Why eggs and turkey are in short supply - and what it means for your food shopping

Some supermarkets are rationing eggs. We explain why eggs and even your Christmas turkey could be in short supply right now, and what it means for your food shopping

Close up of eggs in an egg carton
(Image credit: Getty images)

A serious outbreak of bird flu coupled with farmers facing higher production costs means some shoppers are finding eggs in short supply.

At the same time, turkey prices have shot up almost 20% since last Christmas. Just when we want to save money on our food shopping

James Mottershead, poultry board chair at the National Farmers’ Union (NFU (opens in new tab)) said:  “Ongoing, soaring production costs are putting the British poultry sector under immense pressure. 

“Poultry farmers have been facing skyrocketing energy and feed costs for months now, as well as increases in other input costs including fuel, labour and packaging”.

Why are eggs in short supply?

A half dozen box of eggs

Some supermarkets are limiting customers to two boxes of eggs

(Image credit: Getty images)

There are several reasons behind the short supply of eggs.  

A serious outbreak of avian influenza (bird flu) has meant that around 2.3 million birds have died or been culled since October according to the Department for Environment Food & Rural Affairs (opens in new tab) (Defra). 

Fewer birds mean fewer eggs. And bird flu isn’t the only challenge. 

Farmers say the price they’re being paid for eggs isn’t keeping pace with growing production costs, from higher energy bills to increasingly expensive animal feed.   

The National Farmers’ Union says its seen a 90% rise in the cost of chicken feed since 2019 – yet according to a BBC report (opens in new tab) – farmers are only getting paid around 35% more per egg.

In pounds and pence, the average price of a dozen eggs has risen by around 50p in most supermarkets while some farmers are only seeing between 5-10p extra.  

Robert Gooch, Chief Executive of the British Free Range Egg Producers Association (BFREPA) says: “soaring costs of production, which include chicken feed, energy, diesel, pellets and packaging, have crippled many businesses”.

“We have been warning for months that failing to pay farmers a price which allows them to make a profit would result in mass de-stocking or, worse still, an exodus from the industry,”

Which supermarkets are rationing eggs?

Swipe to scroll horizontally
Supermarket Limit
AsdaTwo box limit in-store and online
Tesco Three boxes of eggs at one time
Morrisons Two box limit in-store and online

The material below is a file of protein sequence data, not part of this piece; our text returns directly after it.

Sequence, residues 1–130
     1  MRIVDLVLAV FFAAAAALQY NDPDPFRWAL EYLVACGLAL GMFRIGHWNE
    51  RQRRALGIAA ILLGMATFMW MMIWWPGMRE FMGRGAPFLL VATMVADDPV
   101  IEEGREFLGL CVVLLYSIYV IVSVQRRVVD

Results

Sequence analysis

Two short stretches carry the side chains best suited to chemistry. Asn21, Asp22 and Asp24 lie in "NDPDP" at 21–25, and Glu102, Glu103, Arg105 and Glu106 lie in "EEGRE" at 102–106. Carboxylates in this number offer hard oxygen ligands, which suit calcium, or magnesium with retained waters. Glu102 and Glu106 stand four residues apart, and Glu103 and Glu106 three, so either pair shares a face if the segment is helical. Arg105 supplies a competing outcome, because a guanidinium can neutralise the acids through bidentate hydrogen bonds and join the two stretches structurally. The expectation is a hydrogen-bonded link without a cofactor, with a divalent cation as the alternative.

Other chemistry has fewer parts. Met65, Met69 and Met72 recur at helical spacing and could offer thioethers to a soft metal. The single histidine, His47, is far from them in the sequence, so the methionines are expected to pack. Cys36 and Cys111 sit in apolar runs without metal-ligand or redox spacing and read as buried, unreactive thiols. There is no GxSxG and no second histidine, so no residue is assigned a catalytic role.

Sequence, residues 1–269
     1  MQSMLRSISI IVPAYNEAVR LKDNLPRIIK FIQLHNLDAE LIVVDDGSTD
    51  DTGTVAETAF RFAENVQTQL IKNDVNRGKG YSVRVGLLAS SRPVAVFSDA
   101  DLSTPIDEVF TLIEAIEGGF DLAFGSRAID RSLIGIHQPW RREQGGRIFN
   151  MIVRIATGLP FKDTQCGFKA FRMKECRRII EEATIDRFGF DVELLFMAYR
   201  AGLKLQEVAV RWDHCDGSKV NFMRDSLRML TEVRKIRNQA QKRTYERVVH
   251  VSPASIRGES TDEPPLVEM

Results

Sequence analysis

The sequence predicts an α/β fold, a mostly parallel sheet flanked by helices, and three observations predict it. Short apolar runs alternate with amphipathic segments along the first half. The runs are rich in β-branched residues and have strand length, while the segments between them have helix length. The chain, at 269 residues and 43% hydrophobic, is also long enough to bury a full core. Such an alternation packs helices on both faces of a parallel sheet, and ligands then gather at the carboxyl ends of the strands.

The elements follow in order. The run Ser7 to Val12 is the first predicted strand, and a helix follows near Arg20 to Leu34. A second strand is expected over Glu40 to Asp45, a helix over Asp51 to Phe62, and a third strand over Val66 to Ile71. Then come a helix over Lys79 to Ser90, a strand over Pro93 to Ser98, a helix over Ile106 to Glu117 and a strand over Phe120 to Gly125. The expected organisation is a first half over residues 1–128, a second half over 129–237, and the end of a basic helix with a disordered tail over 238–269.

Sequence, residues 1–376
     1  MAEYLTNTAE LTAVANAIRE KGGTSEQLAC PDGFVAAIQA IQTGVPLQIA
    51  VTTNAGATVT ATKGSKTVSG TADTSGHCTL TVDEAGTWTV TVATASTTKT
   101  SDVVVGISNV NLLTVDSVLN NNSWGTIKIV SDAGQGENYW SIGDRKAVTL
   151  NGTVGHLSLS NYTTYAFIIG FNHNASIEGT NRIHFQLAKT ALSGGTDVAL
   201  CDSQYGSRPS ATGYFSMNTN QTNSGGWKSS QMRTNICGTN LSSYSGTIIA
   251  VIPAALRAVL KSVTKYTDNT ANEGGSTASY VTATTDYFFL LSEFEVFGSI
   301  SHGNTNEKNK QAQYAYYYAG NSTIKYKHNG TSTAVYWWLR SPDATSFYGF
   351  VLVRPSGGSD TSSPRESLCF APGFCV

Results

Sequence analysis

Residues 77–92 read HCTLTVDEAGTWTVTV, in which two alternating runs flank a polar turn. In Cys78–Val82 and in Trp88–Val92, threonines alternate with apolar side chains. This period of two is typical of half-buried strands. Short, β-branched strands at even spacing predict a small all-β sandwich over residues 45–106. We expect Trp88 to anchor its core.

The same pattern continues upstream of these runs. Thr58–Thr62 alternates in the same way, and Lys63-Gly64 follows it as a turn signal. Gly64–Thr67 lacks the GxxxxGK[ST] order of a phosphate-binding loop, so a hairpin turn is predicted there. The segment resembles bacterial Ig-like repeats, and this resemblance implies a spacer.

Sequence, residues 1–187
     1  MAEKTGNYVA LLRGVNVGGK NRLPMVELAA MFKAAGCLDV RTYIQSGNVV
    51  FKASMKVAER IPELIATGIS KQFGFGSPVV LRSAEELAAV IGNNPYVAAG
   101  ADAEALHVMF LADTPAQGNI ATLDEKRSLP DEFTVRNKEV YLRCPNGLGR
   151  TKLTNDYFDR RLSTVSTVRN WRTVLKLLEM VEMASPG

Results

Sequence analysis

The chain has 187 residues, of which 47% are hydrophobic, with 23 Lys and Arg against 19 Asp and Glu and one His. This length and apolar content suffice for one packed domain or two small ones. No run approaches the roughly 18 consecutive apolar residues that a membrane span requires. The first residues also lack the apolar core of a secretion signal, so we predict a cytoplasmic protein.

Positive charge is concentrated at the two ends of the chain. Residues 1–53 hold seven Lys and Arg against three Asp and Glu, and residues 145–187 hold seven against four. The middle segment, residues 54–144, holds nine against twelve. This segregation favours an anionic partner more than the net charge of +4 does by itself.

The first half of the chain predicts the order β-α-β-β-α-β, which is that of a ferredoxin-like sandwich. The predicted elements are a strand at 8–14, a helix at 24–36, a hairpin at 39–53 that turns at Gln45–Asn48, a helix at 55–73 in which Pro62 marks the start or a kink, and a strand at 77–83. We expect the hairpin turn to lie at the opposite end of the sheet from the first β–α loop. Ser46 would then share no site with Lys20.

LidlThree boxes of eggs at one time
Sainsbury’sNo limit
Co-OpNo limit

Will there be fewer turkeys this Christmas?

Turkeys in a field

The British Poultry Council (BPC) admits, “it may be more tricky” getting a free-range turkey this Christmas.

(Image credit: Getty images)

Bird flu also affects our Christmas turkey. The British Poultry Council (opens in new tab) (BPC) say over a million birds and half of the free-range Christmas turkeys have been impacted by this most recent outbreak of avian flu and admit, “it may be more tricky” getting a free-range turkey this Christmas.

But it says, “the challenges wrapped up in avian influenza are only exacerbating existing pressures deriving from Brexit, inflation and an ongoing labour shortage”. 

Shoppers will be worried that any potential turkey shortages could mean a hike in prices but the BPC say this is a “commercial decision made by retailers”.

Figures from the National Farmers’ Union (opens in new tab) show that the average price of a 5.5kg turkey has gone up by 17.5% in the past year from an average of £39.84 to £46.83.

Should you buy your turkey early?

Buying early is one way to try and make sure you can get the size you need for your Christmas dinner.   Stocking up on a frozen bird means you’ll have one ready – rather than waiting till nearer the time to buy fresh.

Other options include speaking to your local butcher and even contacting your local farm to find out whether they expect to have fresh turkeys and whether you are able to order one in advance.

According to Nous (opens in new tab), even before the turkey shortage was revealed one in three families say they had already planned to ditch turkey this year while 16% planned to buy a frozen bird.

Sue Hayward
contributor

Sue Hayward is a personal finance and consumer journalist, broadcaster and author who regularly chats on TV and Radio on ways to get more power for your pound.  Sue’s written for a wide range of publications including the Guardian, i Paper, Good Housekeeping, Lovemoney and My Weekly. Cats, cheese and travel are Sue’s passions away from her desk!